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In looking at the pattern of presidential results in the United States since 1945, there are several things to consider. One result is that the party in office tends to get reelected. Only twice did this not occur since 1945. In elections of 1980 and 1992, the party in office only served one term, as a candidate from a different party was elected. This suggests that incumbency has its advantages, or that the American people want to give a candidate or a party eight years to fulfill the goals that have been set.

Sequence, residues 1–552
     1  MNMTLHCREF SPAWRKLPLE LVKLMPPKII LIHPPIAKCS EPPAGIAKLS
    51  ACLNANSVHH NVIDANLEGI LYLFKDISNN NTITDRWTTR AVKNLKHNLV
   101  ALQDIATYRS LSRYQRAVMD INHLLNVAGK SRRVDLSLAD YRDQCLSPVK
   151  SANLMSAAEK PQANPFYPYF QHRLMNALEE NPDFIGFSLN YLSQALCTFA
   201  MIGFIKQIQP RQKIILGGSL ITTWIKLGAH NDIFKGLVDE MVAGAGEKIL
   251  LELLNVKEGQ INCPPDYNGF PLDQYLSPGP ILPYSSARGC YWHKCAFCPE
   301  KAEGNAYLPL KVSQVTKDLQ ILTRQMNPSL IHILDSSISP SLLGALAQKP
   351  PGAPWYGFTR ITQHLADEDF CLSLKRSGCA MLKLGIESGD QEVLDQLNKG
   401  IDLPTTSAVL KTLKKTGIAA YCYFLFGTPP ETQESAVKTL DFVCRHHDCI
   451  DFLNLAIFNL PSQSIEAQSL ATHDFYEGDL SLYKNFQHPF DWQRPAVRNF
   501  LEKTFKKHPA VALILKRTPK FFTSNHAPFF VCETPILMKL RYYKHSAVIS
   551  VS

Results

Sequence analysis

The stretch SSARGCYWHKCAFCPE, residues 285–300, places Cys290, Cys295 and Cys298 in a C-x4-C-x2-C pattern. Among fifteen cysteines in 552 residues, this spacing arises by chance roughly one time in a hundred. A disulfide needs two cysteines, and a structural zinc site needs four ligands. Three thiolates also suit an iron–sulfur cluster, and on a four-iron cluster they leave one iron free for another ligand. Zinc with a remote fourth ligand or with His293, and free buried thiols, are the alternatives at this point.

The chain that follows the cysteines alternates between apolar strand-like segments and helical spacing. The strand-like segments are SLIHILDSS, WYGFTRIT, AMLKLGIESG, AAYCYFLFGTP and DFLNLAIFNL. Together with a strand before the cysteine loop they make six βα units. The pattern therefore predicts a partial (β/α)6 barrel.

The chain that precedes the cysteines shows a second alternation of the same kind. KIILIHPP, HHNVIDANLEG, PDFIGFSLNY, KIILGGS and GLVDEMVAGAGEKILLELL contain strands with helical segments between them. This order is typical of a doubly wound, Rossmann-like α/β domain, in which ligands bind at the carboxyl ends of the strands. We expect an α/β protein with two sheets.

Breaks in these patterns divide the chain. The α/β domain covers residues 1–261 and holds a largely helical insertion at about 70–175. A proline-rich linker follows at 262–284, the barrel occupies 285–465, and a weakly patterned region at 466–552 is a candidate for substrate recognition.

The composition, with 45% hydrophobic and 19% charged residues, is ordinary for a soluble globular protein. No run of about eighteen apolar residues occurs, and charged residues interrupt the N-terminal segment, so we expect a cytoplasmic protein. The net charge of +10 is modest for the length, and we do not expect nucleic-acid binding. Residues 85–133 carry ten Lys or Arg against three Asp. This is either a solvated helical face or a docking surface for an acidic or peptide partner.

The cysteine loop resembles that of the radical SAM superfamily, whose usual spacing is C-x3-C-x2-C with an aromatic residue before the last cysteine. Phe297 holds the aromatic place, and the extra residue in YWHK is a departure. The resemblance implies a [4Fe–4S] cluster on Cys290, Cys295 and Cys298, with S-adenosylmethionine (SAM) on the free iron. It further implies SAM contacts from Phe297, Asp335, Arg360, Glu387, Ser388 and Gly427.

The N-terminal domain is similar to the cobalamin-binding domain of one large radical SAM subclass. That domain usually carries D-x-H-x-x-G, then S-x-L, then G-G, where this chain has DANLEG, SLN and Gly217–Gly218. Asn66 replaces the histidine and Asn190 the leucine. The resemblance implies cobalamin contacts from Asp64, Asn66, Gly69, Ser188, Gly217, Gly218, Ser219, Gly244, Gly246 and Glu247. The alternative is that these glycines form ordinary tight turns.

Another result is that various regions of the country tend to vote for a specific party. This is especially true in the last twenty years. Within the last twenty years, the South and Great Plains have tended to vote for Republican candidates. The West and Northeast have tended to vote for Democratic candidates.
In every election except for the election of 2000, the candidate who won the election, won both the popular vote and the vote in the Electoral College. Candidates also have focused on key states that may swing the election in their favor. This has become more important as the country has recently become more polarized politically.
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